She has a deep interest in Germany. Perhaps this is because her husband, Nicholas Stargardt, a Professor of History at Oxford University, is of German-Jewish descent on his father’s side and Australian on his mother’s. His books concern Germany during the 1930s and 1940s.
In 1989, Roper’s book, The Holy Household: Women and Morals in Reformation Augsburg was published. Wikipedia provides this succinct and helpful summary:
Claims that the Reformation significantly worsened the situation of European women. review in History Today
It will be interesting to see what other reviews say. My Lutheran readers are particularly welcome to comment below.
In the early 21st the worldwide migration situation has produced Church-related anomalies in Europe, including the UK.
One of these has been the marriage of convenience, as a Workpermit.com post from 2006 describes. In 2005, a set of rules was introduced in the UK to put an end to this practice designed:
to get around immigration controls and require immigrants to obtain a special certificate of approval, or COA before they can wed in the UK.
However, Mr Justice Silber overturned these laws in 2006 because they violated the European Convention on Human Rights. Consequently:
The overturning of the marriage laws due to unfair discrimination against immigrants on religious grounds leaves the door open for hundreds of people from overseas getting married in the UK.
The test case involved in overturning by Mr Justice Silber, involved a foreign national from Algeria and an EEA national who was legally living in the UK. Once Mahmaud Baiai and Izabella Trzanska from Poland were refused permission to marry, they launched the challenge.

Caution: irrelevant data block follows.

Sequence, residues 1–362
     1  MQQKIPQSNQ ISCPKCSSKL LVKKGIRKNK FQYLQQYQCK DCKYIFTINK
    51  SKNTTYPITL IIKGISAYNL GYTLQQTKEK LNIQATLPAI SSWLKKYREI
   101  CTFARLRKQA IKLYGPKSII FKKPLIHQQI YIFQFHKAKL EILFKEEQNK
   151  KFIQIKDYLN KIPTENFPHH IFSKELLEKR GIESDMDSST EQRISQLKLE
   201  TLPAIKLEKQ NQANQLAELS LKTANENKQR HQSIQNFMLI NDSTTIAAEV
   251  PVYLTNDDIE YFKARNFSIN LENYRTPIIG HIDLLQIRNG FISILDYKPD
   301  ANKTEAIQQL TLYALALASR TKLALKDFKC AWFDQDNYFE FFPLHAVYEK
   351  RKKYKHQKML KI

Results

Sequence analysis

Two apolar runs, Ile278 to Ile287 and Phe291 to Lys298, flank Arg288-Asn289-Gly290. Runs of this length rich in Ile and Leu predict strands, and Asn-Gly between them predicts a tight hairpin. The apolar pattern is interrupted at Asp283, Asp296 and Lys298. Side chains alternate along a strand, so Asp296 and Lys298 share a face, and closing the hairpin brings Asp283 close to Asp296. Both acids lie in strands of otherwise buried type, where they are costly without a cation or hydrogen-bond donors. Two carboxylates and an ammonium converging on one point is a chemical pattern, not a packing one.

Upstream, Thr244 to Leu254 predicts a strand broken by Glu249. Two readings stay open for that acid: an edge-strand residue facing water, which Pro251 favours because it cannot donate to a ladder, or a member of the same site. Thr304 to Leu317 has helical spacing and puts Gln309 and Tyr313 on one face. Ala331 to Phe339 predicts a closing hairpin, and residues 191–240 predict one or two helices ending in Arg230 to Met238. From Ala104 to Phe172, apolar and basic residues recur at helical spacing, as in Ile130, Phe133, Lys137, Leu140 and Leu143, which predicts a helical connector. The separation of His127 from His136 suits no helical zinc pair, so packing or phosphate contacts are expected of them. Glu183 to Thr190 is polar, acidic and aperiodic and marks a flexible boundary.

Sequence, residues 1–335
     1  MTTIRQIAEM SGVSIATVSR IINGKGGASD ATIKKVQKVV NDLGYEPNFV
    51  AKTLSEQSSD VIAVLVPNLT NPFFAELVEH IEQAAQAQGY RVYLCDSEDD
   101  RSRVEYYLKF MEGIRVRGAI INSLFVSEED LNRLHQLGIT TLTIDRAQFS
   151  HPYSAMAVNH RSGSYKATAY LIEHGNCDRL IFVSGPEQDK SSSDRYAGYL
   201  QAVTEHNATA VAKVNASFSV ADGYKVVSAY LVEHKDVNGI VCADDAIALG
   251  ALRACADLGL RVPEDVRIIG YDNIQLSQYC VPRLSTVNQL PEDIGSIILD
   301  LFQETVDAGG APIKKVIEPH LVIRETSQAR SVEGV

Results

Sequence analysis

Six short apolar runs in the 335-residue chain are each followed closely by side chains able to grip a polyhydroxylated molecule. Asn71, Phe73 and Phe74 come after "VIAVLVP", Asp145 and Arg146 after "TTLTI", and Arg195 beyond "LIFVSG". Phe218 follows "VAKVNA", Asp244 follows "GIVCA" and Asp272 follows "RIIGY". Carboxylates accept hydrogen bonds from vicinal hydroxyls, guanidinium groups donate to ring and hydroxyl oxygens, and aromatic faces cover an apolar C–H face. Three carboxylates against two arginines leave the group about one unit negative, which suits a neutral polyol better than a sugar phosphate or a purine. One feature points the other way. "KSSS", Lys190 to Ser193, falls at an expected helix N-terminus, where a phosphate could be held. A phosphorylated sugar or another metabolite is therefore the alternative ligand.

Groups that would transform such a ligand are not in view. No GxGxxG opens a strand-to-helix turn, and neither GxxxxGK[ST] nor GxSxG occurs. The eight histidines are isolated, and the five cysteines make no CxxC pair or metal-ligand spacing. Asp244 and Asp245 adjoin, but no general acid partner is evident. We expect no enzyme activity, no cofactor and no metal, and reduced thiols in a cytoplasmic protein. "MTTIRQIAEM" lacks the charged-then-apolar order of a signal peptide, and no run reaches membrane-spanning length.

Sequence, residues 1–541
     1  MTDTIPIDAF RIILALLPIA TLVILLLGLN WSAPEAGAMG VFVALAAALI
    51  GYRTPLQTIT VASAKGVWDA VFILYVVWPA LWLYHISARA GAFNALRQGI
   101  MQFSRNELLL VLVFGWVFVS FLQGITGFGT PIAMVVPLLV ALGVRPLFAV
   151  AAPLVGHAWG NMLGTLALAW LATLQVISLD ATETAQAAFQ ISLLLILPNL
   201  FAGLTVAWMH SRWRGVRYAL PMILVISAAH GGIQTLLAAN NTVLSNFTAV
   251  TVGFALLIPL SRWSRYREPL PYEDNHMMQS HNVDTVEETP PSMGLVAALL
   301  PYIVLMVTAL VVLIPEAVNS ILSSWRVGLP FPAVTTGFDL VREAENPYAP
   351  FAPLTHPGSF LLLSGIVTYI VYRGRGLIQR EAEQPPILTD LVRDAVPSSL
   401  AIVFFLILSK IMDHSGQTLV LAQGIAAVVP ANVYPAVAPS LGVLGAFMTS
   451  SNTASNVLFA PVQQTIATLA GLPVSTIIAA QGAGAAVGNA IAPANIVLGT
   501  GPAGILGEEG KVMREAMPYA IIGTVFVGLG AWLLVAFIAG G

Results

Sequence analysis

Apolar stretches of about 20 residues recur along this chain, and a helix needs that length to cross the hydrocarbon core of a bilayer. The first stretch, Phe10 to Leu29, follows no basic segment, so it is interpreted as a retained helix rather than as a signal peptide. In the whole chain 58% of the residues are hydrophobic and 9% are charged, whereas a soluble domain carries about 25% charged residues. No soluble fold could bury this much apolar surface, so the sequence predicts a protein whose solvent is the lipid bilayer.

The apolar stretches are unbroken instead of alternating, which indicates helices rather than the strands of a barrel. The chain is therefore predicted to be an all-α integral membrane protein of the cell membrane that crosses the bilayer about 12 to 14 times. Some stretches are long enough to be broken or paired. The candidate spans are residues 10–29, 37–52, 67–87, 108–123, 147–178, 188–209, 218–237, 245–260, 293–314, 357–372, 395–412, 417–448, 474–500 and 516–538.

Mr Justice Silber said the case raised issues under Article 12 of the European Convention on Human Rights, which protects the right to marry and found a family.
“The rules were incompatible because they discriminated against immigrants rights subject to immigration control on grounds of religion and nationality,” he declared.
Oddly, the rules overturned did not apply to Church of England members:
even if they are illegally in the UK.
This meant that the Anglican Church could conduct marriages of convenience. By 2008, as The Telegraph reported (emphases mine):
the number of bogus weddings performed by Anglican priests has risen by as much as 400 per cent in some dioceses over the last four years.
Foreign nationals have turned to the Church because it is exempt from rules that require all foreign nationals from outside the European Union to obtain a Home Office certificate of approval to marry in a register office.
That year, Church of England bishops warned their clergy to be vigilant when evaluating immigrants wishing to marry in an Anglican ceremony:
the Rt Rev Tom Butler, Bishop of Southwark, urged priests to be wary of migrants looking to get married who have obtained a common licence – a preliminary for church weddings involving foreign nationls.
“The new regime does not apply to marriages by banns, common licence or special licence, which probably explains the substantial increase in demand for bishops’ common licenses,” he writes.
“It is hard to avoid the conclusion that there is significant abuse of the availability of Church of England marriage in order to try to gain some immigration advantage.”
The Rt Rev Richard Chartres, the Bishop of London, has also written to churches in his diocese with guidance on how to tighten measures.
The diocese of Southwark, which covers Greater London south of the Thames, has seen the number of applications for common licences rise from 90 in 2004 to 493 last year.
In 2013 the Coalition government (Conservative/Liberal Democrat) produced new rules to end marriages of convenience. From page 4 of the PDF:
Notices of marriage following civil preliminaries or civil partnership in England and Wales involving a non-EEA national who could benefit from it in immigration terms will be referred to the Home Office for a decision as to whether to investigate whether the marriage or civil partnership is a sham. Non-EEA nationals will only be able to marry in the Church of England or the Church in Wales following civil preliminaries, except in limited circumstances.
Perhaps something similar should be done in the case of conversions by refugees to Christianity.